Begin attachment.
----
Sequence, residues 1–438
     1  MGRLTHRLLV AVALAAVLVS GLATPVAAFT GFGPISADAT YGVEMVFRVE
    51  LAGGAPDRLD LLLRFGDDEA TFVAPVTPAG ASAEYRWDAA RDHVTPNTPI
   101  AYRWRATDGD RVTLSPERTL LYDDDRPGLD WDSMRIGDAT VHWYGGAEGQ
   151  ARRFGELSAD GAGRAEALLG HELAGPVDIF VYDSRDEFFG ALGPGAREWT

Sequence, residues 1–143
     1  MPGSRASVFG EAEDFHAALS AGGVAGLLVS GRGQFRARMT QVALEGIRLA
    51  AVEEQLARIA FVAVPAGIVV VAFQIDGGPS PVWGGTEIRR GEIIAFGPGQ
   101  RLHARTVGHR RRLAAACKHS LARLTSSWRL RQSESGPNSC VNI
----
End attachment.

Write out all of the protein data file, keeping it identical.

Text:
Sequence, residues 1–438
     1  MGRLTHRLLV AVALAAVLVS GLATPVAAFT GFGPISADAT YGVEMVFRVE
    51  LAGGAPDRLD LLLRFGDDEA TFVAPVTPAG ASAEYRWDAA RDHVTPNTPI
   101  AYRWRATDGD RVTLSPERTL LYDDDRPGLD WDSMRIGDAT VHWYGGAEGQ
   151  ARRFGELSAD GAGRAEALLG HELAGPVDIF VYDSRDEFFG ALGPGAREWT

Sequence, residues 1–143
     1  MPGSRASVFG EAEDFHAALS AGGVAGLLVS GRGQFRARMT QVALEGIRLA
    51  AVEEQLARIA FVAVPAGIVV VAFQIDGGPS PVWGGTEIRR GEIIAFGPGQ
   101  RLHARTVGHR RRLAAACKHS LARLTSSWRL RQSESGPNSC VNI